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Course of Oenology and Tasting within the Master in food and wine criticism

“I would like to tell the world of wine, both in terms of production but also how we interpret everything that this world gives us”, these are the words with which Dominga Cotarella’s story begins.

Daughter of art, of the renowned oenologist Riccardo Cotarella, Dominga Cotarella was born in Orvieto in 1974. She enters the family business at the age of 16, where she follows public relations in Cantina Falesco (now renamed the Cotarella Family). You graduated in Agricultural Sciences from the University of Tuscia. After your studies, you began a training period in the area of ​​public relations and marketing at the court of the Antinori. She then returns to Falesco, where today she holds the role of Sales and Marketing Director. Since 2016 she has been at the helm of the company together with her cousins.Dominga Cotarella, one of the most famous figures in the world of Italian wine, will be part of the teaching staff of our Master in food and wine journalism with the discipline: Oenology and Tasting. We interviewed her to learn more about her path and to get a taste of what her course will be within the Master.

What is your role in the family business?

“I play the role of Marketing and Commercial Director of the Cotarella family. We have had a historic estate in Montefiascone since 79 ‘then my father decided to build a new winery in Umbria, in Montecchio. Then in 2017 we bought Le Macioche in Montalcino where we harvest the Brunello. So there are in total three estates in three different regions, namely Lazio, Umbria and Tuscany. Once we joined the company, my sisters and I, we decided to highlight the value of the family and we renamed the winery as Cotarella family “.

What is the most important teaching that your father, one of the best known and most esteemed winemakers in Italy, left you?

“My father and my uncle started this company together for the family. Our mothers taught us to stay in the” back “of projects by making a difference. And our fathers have always taught us the value of consistency. Be consistent. and credible are the values ​​to which they have always given more importance “.

Having grown up in the world of wine, have you always dreamed of becoming an agronomist from an early age or were you interested in other sectors?

“When I finished linguistic high school my father and my uncle were thinking about choices such as economics or communication sciences. I remember very well when I went to my father and told him I wanted to study agricultural sciences. He was speechless and then said to me” But why? You never said you wanted to be an agronomist. “And I:” You’re right, I’ll never be an agronomist but I want to be credible when I tell about wine. “Having a base of knowledge and competence is essential to have authority in the world of wine. So I decided to graduate in agriculture knowing that I would never be an agronomist, but these extraordinary five years of university have given me the knowledge base and the right skills “.

What led you to enter the world of education?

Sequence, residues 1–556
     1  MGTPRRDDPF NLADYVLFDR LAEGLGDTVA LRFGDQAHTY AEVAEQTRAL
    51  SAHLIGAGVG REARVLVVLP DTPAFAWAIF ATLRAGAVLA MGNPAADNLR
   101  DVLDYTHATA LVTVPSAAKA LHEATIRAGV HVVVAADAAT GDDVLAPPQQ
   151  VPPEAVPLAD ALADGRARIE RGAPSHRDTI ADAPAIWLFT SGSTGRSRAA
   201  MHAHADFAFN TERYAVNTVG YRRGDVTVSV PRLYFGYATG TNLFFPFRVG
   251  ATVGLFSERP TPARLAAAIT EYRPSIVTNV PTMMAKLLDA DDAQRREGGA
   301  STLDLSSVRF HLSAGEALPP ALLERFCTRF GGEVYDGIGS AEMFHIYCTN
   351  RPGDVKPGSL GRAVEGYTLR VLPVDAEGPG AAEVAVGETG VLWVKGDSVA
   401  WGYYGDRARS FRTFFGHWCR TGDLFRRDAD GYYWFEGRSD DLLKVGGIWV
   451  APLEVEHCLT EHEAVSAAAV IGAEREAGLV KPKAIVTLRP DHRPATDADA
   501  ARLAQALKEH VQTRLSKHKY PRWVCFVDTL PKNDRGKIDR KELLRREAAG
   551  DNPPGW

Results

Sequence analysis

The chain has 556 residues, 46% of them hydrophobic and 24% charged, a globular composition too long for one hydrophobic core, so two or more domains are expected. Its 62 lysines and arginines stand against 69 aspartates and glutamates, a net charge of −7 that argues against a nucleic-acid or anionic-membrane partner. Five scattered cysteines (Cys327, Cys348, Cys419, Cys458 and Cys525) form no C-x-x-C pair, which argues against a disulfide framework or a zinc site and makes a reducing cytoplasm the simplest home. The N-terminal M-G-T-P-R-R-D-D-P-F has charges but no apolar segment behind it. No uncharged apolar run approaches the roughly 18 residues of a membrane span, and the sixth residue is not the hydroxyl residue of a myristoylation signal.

“I have always loved the world of young people, training and teaching. I think it is important to make children fall in love with study and the subject. If you love a subject, you will talk about it with emphasis, enthusiasm and involvement. I believe that also the sense of hospitality is an art and cannot be separated from training. Tell us about the course you will give at the SWSF Master, what will it be about? I will bring all my experience into the world of wine. Surely there will be a part linked to the more scientific and technical aspect such as research in the vineyard, experimentation, as well as the oenological and agronomic culture.

We will talk about the identity of the wine, which is linked to four factors mentioned three do not depend on us: genetics, territories and vintages. But we will also talk about a fourth factor that determines the identity of this extraordinary product next to the others: the ability of man to interpret what nature made available to you in that year and in that area. It is not simply the sum of the factors of that territory and that vintage, but it is also the product of our perception. In fact, there is an objective and scientific component, but there is also a subjective component that is the result of a series of experiences. What is the importance of having a solid foundation in oenology for food and wine critics? Culture and knowledge gives us greater credibility and somehow increases our listening skills and abilities. I think knowing how to listen is much more difficult than knowing how to tell. And knowing how to listen also means understanding what our client wants. When a food and wine criticism is made, it means entering the DNA of what we are analyzing, knowing how to interpret it and then know how to tell it. The more our skills and knowledge are, the more credible we become. We must enter the project, this course where I have the honor of being able to participate is just the example, in order to be able to talk about a topic and deal with it with great consistency and credibility, a specific path is needed. Passion is enough, even if it is important, but this must be supported by a training course “.

What advice would you give to future food and wine critics attending the SWSF Master?

“I advise future students to never stop studying, never stop being curious, and to always deepen to get to the core. This allows us to grow and fall in love with this job, ultimately doing it with love and passion”. 

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